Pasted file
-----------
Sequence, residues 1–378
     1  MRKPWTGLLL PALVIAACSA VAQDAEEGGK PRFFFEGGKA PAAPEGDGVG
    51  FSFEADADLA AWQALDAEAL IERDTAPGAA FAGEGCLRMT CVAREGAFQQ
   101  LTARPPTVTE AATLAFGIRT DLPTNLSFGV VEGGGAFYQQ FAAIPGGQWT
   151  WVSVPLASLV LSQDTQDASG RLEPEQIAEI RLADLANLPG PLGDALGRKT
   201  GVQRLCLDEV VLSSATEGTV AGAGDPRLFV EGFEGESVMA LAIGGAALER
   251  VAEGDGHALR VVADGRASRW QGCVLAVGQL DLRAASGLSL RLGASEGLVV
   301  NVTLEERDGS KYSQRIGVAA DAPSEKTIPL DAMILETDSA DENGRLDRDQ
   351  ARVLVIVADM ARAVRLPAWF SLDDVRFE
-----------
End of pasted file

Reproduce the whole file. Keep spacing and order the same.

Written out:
Sequence, residues 1–378
     1  MRKPWTGLLL PALVIAACSA VAQDAEEGGK PRFFFEGGKA PAAPEGDGVG
    51  FSFEADADLA AWQALDAEAL IERDTAPGAA FAGEGCLRMT CVAREGAFQQ
   101  LTARPPTVTE AATLAFGIRT DLPTNLSFGV VEGGGAFYQQ FAAIPGGQWT
   151  WVSVPLASLV LSQDTQDASG RLEPEQIAEI RLADLANLPG PLGDALGRKT
   201  GVQRLCLDEV VLSSATEGTV AGAGDPRLFV EGFEGESVMA LAIGGAALER
   251  VAEGDGHALR VVADGRASRW QGCVLAVGQL DLRAASGLSL RLGASEGLVV
   301  NVTLEERDGS KYSQRIGVAA DAPSEKTIPL DAMILETDSA DENGRLDRDQ
   351  ARVLVIVADM ARAVRLPAWF SLDDVRFE